Kids participating in a First Tee clinic at Babe Zaharais on Saturday got to meet R.C. Slocum, the winningest football coach in Texas A&M history. Slocum, in town for the 88th birthday of his father-in-law — Johnny Warner — was spotted on the practice range by First Tee of the Golden Triangle Executive Director Jerry Honza. Honza, who was an assistant pro in Bryan when Slocum was Jackie Sherrill’s A&M defensive coordinator, introduced himself and asked Slocum if he would mind talking with the 30 kids participating in the clinic. R.C., who is familiar with the First Tee from his association with former president George Bush (41), said he’d be glad to. “He delivered a terrific message to the kids that tied right in with First Tee core values,” said Honza. . . . Monsignor Ken Greig of Groves launched a heavenly shot on the 140-yard, 7th hole on the Bayou Front at Bayou Din last Thursday. Greig’s shot, struck with a 5-wood, found its way into the bottom of the cup for his first ever hole in one. Witnesses were Hal Peterson, Gerald Wilson and Royce Ennis . . . Marshall Rowe, 74, of Beaumont shot his age for the first time last Friday at Bayou Din. Rowe’s playing companion was Billy Mack . . . Terry DeRouen of Nederland scored his first ever eagle on the par 5, 9th at Babe Zaharias on Friday. DeRouen sank a 5-wood from 180 yards. The shot was witnessed by Bo Graffignino, George DeVries and Jeff Sandighi . . . Chris Stroud won’t be the only local product for Southeast Texans to follow at this week’s Valero Texas Open in San Antonio. West Orange-Stark’s Michael Arnaud Monday- qualified his way into the event, and did it the hard way. Arnaud, after shooting a 72 to advance from a pre-qualifier, found himself in a field of 69 players vying for four spots in the tourney. He rose to the occasion by shooting a three-under-par 69 to finish in a six-way tie for third at The Club at Comanche Trace. With six players — including PGA Tour veterans Ted Purdy and Glen Day — in a sudden death playoff for two spots, Arnaud locked up the final opening with a birdie on the fifth playoff hole. For the West Orange-Stark ex, this will be his first ever time to play in a regular PGA Tour event. Surviving the 36-hole cut would be a major accomplishment for him, especially for what it would mean to the mental side of his game. There is no doubt he has the physical tools . . . The Brock Services team of Sam Brown, Mike Fugit, Chris Moore and Collin Coyle teamed for a 54 to win the ASSE Scramble at Belle Oaks. Second at 60 was the Cottonwood Energy Team of Sidney Jones, Rick Richard, Marlin Greenway and Clifford Delome. Third at 62 was the Maxim Crane foursome of Chet Resch, Ryan Sowell, Carlos Sage and Ralph Bronson. Ron Chatagnier was the closest to the pin winner on No. 15, while Jared Landry claimed the long drive prize . . . The Seniors at the Babe was played in a 2-best ball format, with the team of Mike Lansford, Guy Van Cleve, Joe Benoit and Tom Hatcher winning the front at minus 2. On the back, the team of Hilario Padio, Dutsy Abshire, Orland DeFrates, Charlie Ingraham and Dwain Morrison won in even par. Closest to the pin winners were Hatcher (No. 2), Lansford (No. 7), Roy Martinez (No. 12, No. 15) . . . . Format for the Babe Zaharias DogFight was 2-man teams playing best ball on the front and scramble on the back. In 1st Flight, the duo of Chris Cross-Butch Cross won with a 68. There was a three-way tie for second at 70 between Kenny Robbins-Rick Pritchett, David Evans-Steve Picou and Roy Trahan-Troy Sedtal. In 2nd Flight, there was a tie for first at 70 between Larry Rogers-Gene Hardy, and Tom Terrell-Cliff Digiovanni. Pete Reobroi-Dwayne Morvant finished third at 71. In 3rd Flight, Curtis Adix-Larry Thompson won with a 73, edging Bobby Hebert-Jimmy Thompson by a stroke. The team of Ben Thornton-Mark Petry shot 75 to win 4th Flight by one shot over Tom Stafford-Gary Barker and two strokes over Harry Green-Cecil Bourgeois. Closest to the hole winners were Bourgeois (No. 2), Stafford (No. 7), Morvant (No. 12) and Robbins (No. 15) . . . Format for the Saturday Game at Babe Zaharias was 2-best balls. The foursome of Tom Lawton, Thad Borne, Roy Martinez and Harold Wilkinson won the front in minus four. On the back, Mike Lansford, Harrell Guidry, Richard Sibley and Charlie Huckaby won in minus 1 . . . Bill Taylor finished plus 5 to win the Monday Senior Game at Belle Oaks. Four players — Ed Boone, Jim Brown, Twyman Ash and Dennis Neef tied for second at plus 3. Twyman Ash (No. 8) and Wally Istre (No. 15) were closest to the pin winners . . . David Hearn of St. Mary’s shot a 2-under par 33 at Iron Oaks to tie Garrett James of Legacy Christian in the TAPPS shootout for junior high players. Max Anderson of St. Anne’s placed third with a 35, followed by Blake Cain (38) of Legacy and Tyler Potts of St. Anne’s . . . One of the area’s most unique tournaments — the Tyrrell Garth Jr. Invitational — is set for April 29-May 1 at Beaumont Country. All flights except championship are match play Friday and Saturday, then 18 holes of medal play on Sunday. Championship flight is straight medal play. Entry fee is $210, which includes carts, range balls, a tee prize and lunch each day. Also included in the fee is a Thursday practice round with a $20 cart fee. Anyone interested in an entry blank should call 898-7011. Beaumont Country Club annually is in the best condition of any golf course in Southeast Texas. Golf news should be e-mailed to [email protected] or faxed to 724-6854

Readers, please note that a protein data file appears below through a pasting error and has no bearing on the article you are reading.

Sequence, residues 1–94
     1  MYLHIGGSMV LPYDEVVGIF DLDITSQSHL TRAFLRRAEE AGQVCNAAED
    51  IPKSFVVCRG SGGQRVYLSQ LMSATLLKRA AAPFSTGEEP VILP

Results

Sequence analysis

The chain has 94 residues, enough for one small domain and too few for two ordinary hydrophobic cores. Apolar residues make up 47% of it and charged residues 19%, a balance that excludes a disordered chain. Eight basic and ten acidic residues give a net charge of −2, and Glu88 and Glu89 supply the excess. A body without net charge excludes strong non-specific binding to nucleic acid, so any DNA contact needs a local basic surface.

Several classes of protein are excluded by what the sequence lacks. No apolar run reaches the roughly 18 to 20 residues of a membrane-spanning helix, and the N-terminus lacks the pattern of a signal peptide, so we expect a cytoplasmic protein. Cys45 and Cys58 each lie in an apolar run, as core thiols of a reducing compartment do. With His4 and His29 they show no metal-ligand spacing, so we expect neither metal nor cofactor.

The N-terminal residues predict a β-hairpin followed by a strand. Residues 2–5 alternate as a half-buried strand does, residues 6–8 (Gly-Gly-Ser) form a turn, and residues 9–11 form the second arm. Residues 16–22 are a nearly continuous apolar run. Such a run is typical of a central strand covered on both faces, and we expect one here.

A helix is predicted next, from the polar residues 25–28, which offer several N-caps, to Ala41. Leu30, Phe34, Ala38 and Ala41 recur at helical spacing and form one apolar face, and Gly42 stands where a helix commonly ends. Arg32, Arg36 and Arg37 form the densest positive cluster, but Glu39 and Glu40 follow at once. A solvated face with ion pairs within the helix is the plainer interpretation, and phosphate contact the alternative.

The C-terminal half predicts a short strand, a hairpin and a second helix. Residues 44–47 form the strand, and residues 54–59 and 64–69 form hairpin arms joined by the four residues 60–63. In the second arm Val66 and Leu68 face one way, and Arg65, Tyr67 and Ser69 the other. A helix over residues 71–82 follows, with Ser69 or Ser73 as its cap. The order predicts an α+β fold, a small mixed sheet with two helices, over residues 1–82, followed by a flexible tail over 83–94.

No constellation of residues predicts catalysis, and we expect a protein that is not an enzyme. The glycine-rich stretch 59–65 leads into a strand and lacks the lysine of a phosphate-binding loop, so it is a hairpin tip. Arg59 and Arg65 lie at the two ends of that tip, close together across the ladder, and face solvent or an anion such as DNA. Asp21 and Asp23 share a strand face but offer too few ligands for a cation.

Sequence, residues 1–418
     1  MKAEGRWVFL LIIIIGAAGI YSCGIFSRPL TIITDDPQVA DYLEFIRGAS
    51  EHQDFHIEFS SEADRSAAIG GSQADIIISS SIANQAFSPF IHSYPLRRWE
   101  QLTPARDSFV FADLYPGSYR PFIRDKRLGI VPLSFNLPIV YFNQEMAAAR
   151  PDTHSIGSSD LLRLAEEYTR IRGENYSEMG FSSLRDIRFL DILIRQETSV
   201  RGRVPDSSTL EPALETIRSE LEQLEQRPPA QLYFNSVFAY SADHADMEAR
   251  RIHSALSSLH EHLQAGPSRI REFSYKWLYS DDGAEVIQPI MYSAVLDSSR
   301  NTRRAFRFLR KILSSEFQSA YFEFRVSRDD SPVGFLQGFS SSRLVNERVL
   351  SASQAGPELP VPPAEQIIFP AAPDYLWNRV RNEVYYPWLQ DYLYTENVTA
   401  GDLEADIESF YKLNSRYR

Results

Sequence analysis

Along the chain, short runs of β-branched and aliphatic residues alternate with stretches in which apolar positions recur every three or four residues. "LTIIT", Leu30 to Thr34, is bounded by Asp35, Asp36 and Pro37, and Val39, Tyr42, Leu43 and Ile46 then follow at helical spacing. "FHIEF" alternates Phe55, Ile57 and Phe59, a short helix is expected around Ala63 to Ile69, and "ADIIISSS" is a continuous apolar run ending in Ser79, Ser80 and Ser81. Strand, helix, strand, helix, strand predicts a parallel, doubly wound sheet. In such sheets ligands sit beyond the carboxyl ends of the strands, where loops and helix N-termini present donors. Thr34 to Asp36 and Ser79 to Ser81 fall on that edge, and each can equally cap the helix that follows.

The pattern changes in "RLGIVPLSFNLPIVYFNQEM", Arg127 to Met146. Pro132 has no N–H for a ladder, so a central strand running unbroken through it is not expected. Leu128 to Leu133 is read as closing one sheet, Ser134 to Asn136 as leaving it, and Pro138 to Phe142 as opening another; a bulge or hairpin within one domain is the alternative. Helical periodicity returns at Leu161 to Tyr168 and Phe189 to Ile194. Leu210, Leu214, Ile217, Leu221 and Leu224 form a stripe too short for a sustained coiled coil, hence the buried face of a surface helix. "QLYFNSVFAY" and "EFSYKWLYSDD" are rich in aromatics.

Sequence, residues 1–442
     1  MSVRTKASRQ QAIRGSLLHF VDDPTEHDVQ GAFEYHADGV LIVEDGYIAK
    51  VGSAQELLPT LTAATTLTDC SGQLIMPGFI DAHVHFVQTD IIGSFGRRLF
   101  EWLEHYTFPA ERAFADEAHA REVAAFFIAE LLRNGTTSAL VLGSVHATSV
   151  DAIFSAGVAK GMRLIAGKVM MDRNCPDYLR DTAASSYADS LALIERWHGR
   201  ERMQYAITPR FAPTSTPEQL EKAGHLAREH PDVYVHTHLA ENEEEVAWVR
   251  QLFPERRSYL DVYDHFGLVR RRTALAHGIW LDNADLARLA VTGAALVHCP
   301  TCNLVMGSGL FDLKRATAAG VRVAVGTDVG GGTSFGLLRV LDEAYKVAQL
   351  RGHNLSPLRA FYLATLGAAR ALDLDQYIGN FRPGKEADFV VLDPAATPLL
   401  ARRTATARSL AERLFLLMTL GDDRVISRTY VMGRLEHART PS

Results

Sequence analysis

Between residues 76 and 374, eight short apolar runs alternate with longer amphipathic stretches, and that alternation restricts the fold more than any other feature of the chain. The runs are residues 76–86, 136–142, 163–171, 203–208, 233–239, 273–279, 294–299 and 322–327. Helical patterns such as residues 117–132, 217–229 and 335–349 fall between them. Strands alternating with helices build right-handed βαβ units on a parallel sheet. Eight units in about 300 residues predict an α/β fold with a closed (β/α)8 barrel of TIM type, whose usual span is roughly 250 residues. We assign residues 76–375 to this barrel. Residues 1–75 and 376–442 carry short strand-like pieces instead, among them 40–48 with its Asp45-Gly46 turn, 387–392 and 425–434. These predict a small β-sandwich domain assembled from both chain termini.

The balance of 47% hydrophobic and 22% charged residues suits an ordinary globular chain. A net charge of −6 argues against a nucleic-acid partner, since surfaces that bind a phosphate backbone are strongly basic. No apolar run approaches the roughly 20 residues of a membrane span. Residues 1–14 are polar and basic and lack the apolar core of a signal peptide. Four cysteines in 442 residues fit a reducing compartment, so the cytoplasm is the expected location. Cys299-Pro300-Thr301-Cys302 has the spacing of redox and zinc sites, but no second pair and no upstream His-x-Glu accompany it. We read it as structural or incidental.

Grandchildren: Benjamin Jones, Jr., Brian jones, Jarrett Jones, Nicholas Jones (Cielito), Vanessa Jones, and Vervie White (David); eight great-grandchildren and a host of nieces and nephews. Fannie Bea Robertson Jones went home to be with her Lord and Savior on Thursday, October 10, 2013 at her home with family at her side. Fannie was born December 21, 1924 in Bunkie, Louisiana to the union of the late Willie Robertson and Eunice Green Robertson. Fannie moved to Port Arthur, Texas with her family at an early age. She is preceded in death by two brothers: Willie Jr. and Isaac “Ike” Robertson; her husband Frank Jones; and great-granddaughter, Valyn White. Fannie is a graduate of Lincoln High School and Port Arthur College. She worked at Hughen School until she retired in 1980. Fannie was a very dedicated and active member of New St. John Baptist Church where she served at financial secretary, Deaconess, Sunday school teacher, a member, and past president of the Missionary society. She leaves to cherish her memory: sons, Benjamin Jones (Corine) of Port Arthur, TX, Harold Jones (Denice) of Humble, TX; one sister, Dorothy Henderson of El Paso, TX; and close family friend, Earnest Collins. There will be a viewing from 8:00 a.m. until service time at 11:00 a.m. on Thursday, October 17, 2013. Services will be held at New St. John Baptist Church, 1048 West Gulfway Drive with Rev. Claude Comeaux, officiating. Burial will follow in Live Oak Cemetery under the direction of Gabriel Funeral Home.